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In a planar graph $G$, one can easily find all the cycle basis by first finding the spanning tree ( any spanning tree would do), and then use the remaining edge to complete cycles. Given Vertex $V$, edge $E$, there are $C=E-V+1$ number of cycles, and there are $C$ number of edges that are inside the graph, but not inside the spanning tree.

Now, there always exists a set of cycle basis such that each and every edge inside the $G$ is shared by at most 2 cycles. My question is, is there any algorithm that allows me to find such a set of cycle basis? The above procedure I outlined only guarantees to find a set of cycle basis, but doesn't guarantee that all the edges in the cycle basis is shared by at most two cycles.

Note: Coordinates for each vertex are not known, even though we do know that the graph must be planar.

Note: All the edges are of the same weight. (deleted for not relevant)

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Find a planar embedding (there should be plenty of algorithms) and use the faces. This is in effect the same as the other answer. You could also try constructing the dual of the graph directly, if faster algorithms for that exist. –  Aryabhata Nov 30 '10 at 17:22
    
@Moron It seems strange to use acual embeddings for something so algebraic-looking. Maybe there is a more direct algorythm? Also, what is an algorythm for embedding? Are the faces easy to determine from it? –  Max Nov 30 '10 at 18:54
    
@Max: Finding planar embeddings of a planar graph is a well known problem. Google should find plenty for you. Yes, the faces should be easy to determine once we have the embedding. I agree, maybe there is a better algorithm, and that is the reason I left a comment, instead of an answer. –  Aryabhata Nov 30 '10 at 19:14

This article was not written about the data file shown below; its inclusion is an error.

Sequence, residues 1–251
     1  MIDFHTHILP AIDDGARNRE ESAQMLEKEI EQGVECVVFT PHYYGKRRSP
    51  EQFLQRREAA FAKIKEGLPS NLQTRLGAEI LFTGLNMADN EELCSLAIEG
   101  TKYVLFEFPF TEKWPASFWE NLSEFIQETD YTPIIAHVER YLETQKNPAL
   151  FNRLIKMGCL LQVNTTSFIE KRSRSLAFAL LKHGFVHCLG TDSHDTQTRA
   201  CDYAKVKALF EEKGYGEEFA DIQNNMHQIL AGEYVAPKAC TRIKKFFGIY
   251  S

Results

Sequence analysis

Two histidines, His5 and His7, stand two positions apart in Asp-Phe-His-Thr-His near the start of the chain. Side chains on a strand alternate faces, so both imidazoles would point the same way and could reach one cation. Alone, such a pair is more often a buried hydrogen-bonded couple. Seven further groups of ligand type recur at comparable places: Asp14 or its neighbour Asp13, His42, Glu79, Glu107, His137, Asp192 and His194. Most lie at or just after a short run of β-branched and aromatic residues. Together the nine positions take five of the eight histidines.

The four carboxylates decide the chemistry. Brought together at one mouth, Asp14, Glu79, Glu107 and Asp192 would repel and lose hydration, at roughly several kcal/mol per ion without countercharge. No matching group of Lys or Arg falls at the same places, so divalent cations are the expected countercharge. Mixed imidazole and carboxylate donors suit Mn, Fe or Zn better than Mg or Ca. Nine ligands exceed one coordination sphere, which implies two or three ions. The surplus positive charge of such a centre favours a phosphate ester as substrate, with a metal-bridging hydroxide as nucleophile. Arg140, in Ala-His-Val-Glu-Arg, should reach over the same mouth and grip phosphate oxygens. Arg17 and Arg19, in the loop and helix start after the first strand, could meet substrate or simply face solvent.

@Moron, is it possible to provide a link? I did a google search on the terms you suggested ( planar embedding faces) but I don't think they are helpful at all –  Graviton Dec 1 '10 at 3:34
    
@Ngu: Don't add faces to the search. Just do planar embedding. –  Aryabhata Dec 1 '10 at 6:25

2 Answers 2

I agree with all the commenters who say that you should just find a planar embedding. However, I happened to stumble across a description that might make you happy:

Let $G$ be a three-connected planar graph and let $C$ be a cycle. Let $G/C$ be the graph formed by contracting $C$ down to a point. Then $C$ is a face of the planar graph if and only if $G/C$ is two-connected.

In particular, this lemma is useful in proving that a three-connected graph can only be planar in one way, a result of Whitney.

But testing this for every cycle is much less efficient than just finding the planar embedding.

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up vote 4 down vote accepted

To suppliment Moron's comment: yes, using plane embedding algorithm will do. One of such algorithm is Boyer and Myrvold.

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